Previously at Oxford University he co-founded and was the Head of the Programme in Comparative Media Law and Policy at the Centre for Socio Legal Studies, and also served as Senior Research Fellow of Wolfson College. He is still an emeritus fellow at Oxford. He also taught several years at the London School of Economics.
Verhulst was the UNESCO Chairholder in Communications Law and Policy for the UK, a former lecturer on Communications Law and Policy issues in Belgium, and Founder and Co-Director of the International Media and Info-Comms Policy and Law Studies at the University of Glasgow School of Law. He has served as a consultant to numerous international and national organizations, including the Council of Europe, the European Commission, UNESCO, World Bank, UNDP, USAID, the UK Department for International Development among others. He has been a grant recipient of the Bertelsmann Foundation, the Ford Foundation, the Rockefeller Foundation, and the Markle Foundation.
Verhulst has authored and co-authored several books, including: In Search of the Self: Conceptual Approaches to Internet Self Regulation (Routledge, 2001); Convergence in European Communications Regulation (Blackstone, 1999); EC Media Law and Policy (AWL, 1998); Legal Responses to the Changing Media (OUP, 1998); and Broadcasting Reform in India (OUP, 1998). Most recently, he co-edited The Routledge Handbook of Media Law (2013). Verhulst is also founder and editor of numerous journals including the International Journal of Communications Law and Policy, and the Communications Law in Transition Newsletter.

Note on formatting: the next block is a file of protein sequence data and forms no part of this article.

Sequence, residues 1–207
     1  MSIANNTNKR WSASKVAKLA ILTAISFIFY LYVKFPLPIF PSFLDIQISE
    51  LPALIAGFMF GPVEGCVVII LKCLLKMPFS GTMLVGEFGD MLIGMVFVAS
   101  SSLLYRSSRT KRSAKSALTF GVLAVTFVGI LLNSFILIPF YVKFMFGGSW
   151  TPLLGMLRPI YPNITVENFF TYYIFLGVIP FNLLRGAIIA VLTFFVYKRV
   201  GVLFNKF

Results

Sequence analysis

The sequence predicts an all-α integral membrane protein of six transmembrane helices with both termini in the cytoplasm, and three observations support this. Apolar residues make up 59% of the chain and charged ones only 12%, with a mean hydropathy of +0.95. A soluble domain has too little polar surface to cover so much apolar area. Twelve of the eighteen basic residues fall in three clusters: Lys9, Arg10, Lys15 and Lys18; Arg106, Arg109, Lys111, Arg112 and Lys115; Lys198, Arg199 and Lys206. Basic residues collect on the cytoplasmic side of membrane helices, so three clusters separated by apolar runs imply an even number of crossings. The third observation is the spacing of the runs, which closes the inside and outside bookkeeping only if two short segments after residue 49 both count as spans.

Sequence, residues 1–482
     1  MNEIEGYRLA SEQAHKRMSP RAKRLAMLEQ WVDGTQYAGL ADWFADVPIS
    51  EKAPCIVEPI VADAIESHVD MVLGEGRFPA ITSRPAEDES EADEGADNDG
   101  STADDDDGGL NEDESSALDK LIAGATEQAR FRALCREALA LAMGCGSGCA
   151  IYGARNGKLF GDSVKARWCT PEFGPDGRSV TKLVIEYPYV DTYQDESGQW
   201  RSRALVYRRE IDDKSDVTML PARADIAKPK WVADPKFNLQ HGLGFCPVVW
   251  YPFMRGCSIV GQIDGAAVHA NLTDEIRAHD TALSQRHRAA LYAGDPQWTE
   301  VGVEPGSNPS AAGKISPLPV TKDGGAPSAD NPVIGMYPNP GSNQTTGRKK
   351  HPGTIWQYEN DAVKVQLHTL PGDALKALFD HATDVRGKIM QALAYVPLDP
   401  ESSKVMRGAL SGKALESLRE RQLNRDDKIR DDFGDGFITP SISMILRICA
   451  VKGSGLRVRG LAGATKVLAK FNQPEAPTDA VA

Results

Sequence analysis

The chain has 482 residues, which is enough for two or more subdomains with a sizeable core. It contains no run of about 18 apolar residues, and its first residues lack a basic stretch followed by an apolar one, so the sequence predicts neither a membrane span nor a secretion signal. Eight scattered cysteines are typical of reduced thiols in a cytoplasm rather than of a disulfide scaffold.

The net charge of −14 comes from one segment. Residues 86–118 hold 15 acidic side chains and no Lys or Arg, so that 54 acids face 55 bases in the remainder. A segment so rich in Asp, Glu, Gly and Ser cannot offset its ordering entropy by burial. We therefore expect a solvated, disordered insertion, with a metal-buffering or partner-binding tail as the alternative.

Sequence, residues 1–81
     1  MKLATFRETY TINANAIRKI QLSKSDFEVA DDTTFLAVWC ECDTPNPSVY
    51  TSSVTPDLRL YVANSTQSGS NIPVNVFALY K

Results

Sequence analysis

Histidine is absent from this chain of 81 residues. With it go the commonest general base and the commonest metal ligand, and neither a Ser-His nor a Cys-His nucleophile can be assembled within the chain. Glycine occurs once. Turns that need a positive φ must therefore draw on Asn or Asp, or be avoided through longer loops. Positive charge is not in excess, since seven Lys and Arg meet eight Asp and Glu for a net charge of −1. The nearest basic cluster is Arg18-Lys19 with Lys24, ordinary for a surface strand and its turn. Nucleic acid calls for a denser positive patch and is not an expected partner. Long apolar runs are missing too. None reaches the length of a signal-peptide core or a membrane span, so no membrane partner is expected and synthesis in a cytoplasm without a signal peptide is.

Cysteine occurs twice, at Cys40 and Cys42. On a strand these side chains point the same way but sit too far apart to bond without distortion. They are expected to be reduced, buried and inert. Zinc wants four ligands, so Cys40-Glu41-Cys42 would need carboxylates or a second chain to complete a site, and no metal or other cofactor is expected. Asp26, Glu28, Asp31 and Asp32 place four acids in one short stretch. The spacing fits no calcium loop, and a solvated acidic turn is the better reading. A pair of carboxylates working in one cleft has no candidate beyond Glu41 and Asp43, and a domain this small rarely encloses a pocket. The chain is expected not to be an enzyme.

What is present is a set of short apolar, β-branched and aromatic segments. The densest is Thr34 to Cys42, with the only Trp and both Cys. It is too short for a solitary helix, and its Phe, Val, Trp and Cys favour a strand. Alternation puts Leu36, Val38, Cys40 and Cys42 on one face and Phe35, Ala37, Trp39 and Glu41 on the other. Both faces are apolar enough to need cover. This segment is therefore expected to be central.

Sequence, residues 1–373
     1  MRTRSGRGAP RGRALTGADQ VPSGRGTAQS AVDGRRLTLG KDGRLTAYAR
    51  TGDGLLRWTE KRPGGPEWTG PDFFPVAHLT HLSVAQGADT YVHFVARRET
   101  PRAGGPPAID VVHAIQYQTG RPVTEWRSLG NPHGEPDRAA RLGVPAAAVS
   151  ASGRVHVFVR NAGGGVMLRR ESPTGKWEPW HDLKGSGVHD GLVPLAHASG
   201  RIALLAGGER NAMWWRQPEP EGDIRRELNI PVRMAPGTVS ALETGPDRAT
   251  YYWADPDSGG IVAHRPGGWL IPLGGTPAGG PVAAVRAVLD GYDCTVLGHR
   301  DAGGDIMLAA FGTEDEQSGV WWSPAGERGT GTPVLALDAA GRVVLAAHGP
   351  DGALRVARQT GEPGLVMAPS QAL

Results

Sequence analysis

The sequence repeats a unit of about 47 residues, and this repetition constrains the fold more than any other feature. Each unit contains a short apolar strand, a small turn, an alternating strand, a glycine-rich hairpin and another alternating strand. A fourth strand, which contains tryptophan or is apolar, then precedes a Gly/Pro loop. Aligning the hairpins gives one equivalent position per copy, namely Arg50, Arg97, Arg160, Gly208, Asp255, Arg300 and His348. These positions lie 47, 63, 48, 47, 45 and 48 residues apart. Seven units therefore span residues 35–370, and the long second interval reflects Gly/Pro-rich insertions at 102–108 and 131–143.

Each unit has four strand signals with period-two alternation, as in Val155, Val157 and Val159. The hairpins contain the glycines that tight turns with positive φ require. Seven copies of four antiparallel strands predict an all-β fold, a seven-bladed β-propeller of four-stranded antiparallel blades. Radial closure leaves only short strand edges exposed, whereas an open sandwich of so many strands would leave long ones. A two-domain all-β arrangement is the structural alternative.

Claudio Mendonca is the graphic designer at The GovLab. Working as a graphic artist for more than 10 years, he earned his Bachelor's degree in Graphic Design in 2005. He has extensive experience in branding and interaction design.
Claudio's previous experience includes 3 years developing graphical material for several government institutions in Brazil, publications and interface design for startups.
He also designs webapps for the Centre of Direct Democracy and works as a design consultant at the World Bank Institute on several open gov projects such as Open Government, Open Contracting, Open Development and Technology Alliance, ICT4Gov.
At The GovLab, Claudio is responsible for branding and interaction design for The GovLab projects. He can be found at claudiomendonca.com.
The GovLab's inagural Open Data 500 team included: Joel Gurin, Laura Manley, Audrey Ariss, Katherine Garcia, Marilla Li, and Gustavo Magalhaes.